Lifestyle: How to maximize digestion for optimal health
By Reenita Malhotra Hora
Originally published in Skin Deep, February/March 2005.
Copyright 2005. Associated Bodywork and Massage Professionals. All rights reserved.
Digestive disorders plague an estimated 100 million Americans and can lead to compromised health throughout the body, often manifesting in skin issues. In her new book, Inner Beauty (Chronicle Books, 2005), Reenita Malhotra Hora explores the ancient medical system of Ayurveda and its applications for achieving balance inside and out. Following is an excerpt.
Our constitution, or dosha, is affected by not just our food intake, but also by how we eat -- how we feel when we eat and how long we take to have a meal, even when we snack. Follow the simple principles below to ensure optimal digestion.
1. Maintain a state of calm while eating. Eating under stressful circumstances turns your body into a pressure cooker, causing fermentation of the food in your digestive tract. This causes toxins to be absorbed into the bloodstream and even creates gas.
2. Condition yourself to drinking water that is slightly warm or at room temperature, rather than ice cold, as this dampens the "digestive fire." Avoid any water right before your meal; it is better to have water between meals. If possible, have two warm glasses of water upon rising and a glass of warm water or herbal tea following meals.
3. Chew your foods completely, without rushing. Foods that are not completely chewed and broken down in the mouth make for harder work for the stomach.
4. Make lunch the largest meal of the day. Digestive power is strongest when the sun shines directly overhead, so lunch should be your main meal, as foods have the best chance of being most efficiently digested.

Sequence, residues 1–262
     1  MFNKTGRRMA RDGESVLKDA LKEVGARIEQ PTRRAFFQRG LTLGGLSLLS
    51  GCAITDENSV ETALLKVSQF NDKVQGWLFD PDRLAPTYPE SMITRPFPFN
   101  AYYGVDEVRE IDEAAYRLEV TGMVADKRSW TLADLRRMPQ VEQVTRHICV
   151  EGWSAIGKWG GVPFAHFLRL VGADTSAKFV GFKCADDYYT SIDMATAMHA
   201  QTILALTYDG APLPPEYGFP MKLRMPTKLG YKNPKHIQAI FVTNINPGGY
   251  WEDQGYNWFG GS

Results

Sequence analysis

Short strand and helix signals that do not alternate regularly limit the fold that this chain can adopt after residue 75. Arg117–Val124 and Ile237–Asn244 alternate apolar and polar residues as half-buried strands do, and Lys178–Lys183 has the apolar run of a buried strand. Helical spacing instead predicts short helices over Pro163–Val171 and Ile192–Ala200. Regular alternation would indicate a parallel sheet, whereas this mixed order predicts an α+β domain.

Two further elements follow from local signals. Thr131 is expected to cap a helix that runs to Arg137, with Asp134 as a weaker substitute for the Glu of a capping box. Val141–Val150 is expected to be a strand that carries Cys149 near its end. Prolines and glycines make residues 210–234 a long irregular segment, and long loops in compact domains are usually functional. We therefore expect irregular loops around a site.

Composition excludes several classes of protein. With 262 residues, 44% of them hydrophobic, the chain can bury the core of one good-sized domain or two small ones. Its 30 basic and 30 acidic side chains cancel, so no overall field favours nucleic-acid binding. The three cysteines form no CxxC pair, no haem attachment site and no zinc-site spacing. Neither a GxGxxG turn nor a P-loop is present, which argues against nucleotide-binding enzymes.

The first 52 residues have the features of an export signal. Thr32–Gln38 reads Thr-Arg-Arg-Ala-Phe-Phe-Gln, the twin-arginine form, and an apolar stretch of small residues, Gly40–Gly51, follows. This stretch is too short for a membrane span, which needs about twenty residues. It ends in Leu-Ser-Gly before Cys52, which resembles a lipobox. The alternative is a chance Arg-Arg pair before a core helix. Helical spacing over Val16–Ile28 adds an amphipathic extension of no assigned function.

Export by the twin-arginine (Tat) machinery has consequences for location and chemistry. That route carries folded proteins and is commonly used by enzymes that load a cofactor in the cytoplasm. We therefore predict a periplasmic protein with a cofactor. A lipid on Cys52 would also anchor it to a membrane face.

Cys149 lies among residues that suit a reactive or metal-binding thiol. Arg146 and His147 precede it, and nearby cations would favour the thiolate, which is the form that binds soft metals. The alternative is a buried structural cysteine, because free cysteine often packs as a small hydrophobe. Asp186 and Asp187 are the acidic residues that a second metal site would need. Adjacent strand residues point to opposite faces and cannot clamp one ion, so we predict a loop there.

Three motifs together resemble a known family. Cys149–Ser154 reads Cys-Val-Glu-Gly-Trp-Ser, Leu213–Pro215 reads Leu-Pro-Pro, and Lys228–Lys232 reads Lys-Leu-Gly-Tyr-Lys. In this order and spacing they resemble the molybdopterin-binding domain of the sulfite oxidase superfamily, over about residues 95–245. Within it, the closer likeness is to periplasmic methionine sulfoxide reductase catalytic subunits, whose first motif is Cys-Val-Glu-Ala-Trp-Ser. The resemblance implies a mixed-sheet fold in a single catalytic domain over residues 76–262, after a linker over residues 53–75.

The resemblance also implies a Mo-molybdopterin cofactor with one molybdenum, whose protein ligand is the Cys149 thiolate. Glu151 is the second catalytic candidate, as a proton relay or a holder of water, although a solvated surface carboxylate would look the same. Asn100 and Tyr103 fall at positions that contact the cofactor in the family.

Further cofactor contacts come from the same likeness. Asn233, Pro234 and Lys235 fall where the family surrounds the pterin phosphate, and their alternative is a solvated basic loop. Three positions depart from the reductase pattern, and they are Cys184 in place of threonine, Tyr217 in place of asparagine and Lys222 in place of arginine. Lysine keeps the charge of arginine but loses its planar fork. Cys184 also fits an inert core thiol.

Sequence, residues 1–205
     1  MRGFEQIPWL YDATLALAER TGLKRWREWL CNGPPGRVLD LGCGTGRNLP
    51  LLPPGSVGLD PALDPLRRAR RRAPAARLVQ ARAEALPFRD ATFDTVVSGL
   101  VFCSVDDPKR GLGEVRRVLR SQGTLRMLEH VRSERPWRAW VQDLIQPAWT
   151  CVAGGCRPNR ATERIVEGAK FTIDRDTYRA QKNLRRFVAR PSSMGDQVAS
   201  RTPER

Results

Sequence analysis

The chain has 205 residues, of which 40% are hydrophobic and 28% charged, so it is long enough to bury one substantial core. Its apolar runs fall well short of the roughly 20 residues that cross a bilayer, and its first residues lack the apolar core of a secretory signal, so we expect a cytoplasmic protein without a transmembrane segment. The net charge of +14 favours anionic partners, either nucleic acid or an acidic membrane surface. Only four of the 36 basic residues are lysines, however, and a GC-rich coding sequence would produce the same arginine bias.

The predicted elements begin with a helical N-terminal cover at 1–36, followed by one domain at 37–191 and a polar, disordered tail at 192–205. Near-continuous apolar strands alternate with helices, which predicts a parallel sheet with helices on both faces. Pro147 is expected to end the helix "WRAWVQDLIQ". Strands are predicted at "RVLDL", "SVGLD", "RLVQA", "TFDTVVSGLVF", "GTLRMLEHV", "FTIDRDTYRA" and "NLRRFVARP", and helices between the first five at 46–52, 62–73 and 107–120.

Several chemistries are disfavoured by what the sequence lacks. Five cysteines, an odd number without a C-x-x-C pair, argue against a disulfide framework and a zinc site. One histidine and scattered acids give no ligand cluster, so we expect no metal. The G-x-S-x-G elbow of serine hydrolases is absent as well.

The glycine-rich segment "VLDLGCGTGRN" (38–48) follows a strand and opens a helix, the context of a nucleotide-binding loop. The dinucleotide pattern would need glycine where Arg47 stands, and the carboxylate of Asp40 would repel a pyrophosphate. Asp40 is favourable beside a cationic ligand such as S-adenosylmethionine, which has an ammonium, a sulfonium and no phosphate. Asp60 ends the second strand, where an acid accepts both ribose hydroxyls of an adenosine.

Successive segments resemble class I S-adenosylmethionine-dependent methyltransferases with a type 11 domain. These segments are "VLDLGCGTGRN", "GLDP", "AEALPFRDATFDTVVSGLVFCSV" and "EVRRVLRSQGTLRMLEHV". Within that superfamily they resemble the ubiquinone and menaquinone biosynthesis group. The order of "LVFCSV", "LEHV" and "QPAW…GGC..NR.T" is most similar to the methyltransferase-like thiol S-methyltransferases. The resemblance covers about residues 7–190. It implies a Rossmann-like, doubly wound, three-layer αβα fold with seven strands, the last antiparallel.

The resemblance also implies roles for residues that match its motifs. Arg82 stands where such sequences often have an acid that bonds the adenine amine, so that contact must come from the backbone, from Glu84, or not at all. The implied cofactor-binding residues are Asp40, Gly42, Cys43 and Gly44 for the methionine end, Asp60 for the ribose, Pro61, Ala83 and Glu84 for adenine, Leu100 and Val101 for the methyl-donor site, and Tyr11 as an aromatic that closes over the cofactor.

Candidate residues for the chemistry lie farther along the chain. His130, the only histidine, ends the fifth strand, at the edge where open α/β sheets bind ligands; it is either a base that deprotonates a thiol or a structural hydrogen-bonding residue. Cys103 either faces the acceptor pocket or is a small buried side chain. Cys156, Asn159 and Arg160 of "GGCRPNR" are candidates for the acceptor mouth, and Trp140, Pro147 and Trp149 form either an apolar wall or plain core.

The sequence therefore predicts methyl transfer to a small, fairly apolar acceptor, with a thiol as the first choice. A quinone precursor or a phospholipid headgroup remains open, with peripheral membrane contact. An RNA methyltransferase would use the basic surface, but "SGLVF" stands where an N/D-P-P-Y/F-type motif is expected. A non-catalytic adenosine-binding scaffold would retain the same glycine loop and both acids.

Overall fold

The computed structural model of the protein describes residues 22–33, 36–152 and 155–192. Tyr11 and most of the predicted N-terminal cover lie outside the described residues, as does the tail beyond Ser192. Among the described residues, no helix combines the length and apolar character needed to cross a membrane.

5. Eat nutritious or whole foods. Canned or overprocessed foods that have lost their color and flavor will have also lost their nutritional value. Also be careful how much you cook your fresh foods, especially vegetables. Select foods that are whole and organic.
6. Adjust food quantities according to your dosha. Vata types [small-boned types with dry, thin, translucent skin and cold extremities] have a smaller food intake capacity but a more rapid metabolism. They often need four to five smaller meals in a day. Pitta types [those with oily, patchy skin, thinner hair, and prone to feeling hot and irritable] have a strong metabolism and do well with three regular meals in a day. Kapha types [heavier and stable types with cool, moist, spongy skin and thick hair] have a slow metabolism and should eat two to three meals in a day and avoid snacking.
7. Do not eat until after you have digested your previous meal. Eating too soon causes bloating, acidity, and gas.
8. Eat sensible portions. At each meal, the volume of our food should equal about two handfuls.
9. Follow your meal with digestives (an Indian tradition). Make your own from equal parts of sesame seeds, whole cumin seeds, and fennel seeds, and keep the mix in a jar in a cool, dry place.
From the book: Inner Beauty by Reenita Malhotra Hora, 2005, Chronicle Books, San Francisco, CA. To order the book, or for more information, please visit www.chroniclebooks.com.